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I've discussed over the past few days how several charts that showed short-term oversold conditions gave way to more downside or a retesting of the lows once that oversold condition was relieved. Now, I realize that everyone is on a page these days that says: "But the S&P 500 is only down 2% from its highs!" That's true, but what about the average stock? How many of those are down 2% from their highs? Not many.

You wouldn't have such grossly oversold conditions if the majority of stocks were only down 2% from their highs. Heck, look at what beloved Amazon (AMZN) - Get, Inc. Report did to the grocery stocks on Thursday, and even beloved Amazon is down about 10% from its recent highs, trading at around $950 as of midday Friday.

The curious thing about Amazon is that it was having an awesome run this year until everyone decided it was killing anything and everything that jumped in its path. Like a tornado, it was on a path of destruction. Yet aside from the stock being down 10% from the highs a few weeks ago, AMZN is also at the same price that it was in early May. That's three months of nothing. And it doesn't take an experienced chart person to draw in this line at $925 and see that the level is important.

Or what about the red uptrend line that was broken? Yet everyone continues to fear AMZN. If this chart was anything but Amazon, you'd find a reason not to like it:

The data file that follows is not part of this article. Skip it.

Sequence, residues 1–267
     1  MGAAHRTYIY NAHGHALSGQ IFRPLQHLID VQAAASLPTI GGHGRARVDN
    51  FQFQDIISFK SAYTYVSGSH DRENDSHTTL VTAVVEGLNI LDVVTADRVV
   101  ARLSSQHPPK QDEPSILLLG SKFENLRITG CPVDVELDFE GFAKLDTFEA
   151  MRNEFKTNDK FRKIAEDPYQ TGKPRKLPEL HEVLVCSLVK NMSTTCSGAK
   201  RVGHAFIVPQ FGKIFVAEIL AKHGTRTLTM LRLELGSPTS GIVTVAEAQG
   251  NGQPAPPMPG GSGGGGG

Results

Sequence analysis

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But here's the interesting part. The S&P Retail ETF (XRT) - Get SPDR S&P Retail ETF Report  has fallen by just over 10% since May (red arrow below):

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So, who exactly is the winner and who is the loser?

My point is that up until May/June, it was quite clear who the winner and loser were. But since the "Amazon Kills Everything in Its Path" narrative started in full right around that time, the winner isn't so clear. The one thing I know is that if Amazon breaks under $925, the narrative will change drastically. Price has a way of doing that.

(This column originally appeared at 6 a.m. ET on on Real Money, our premium site for active traders. Click here to get great columns like this from Jim Cramer and other writers even earlier in the trading day.)

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At the time of publication, Meisler had no positions in the stocks mentioned.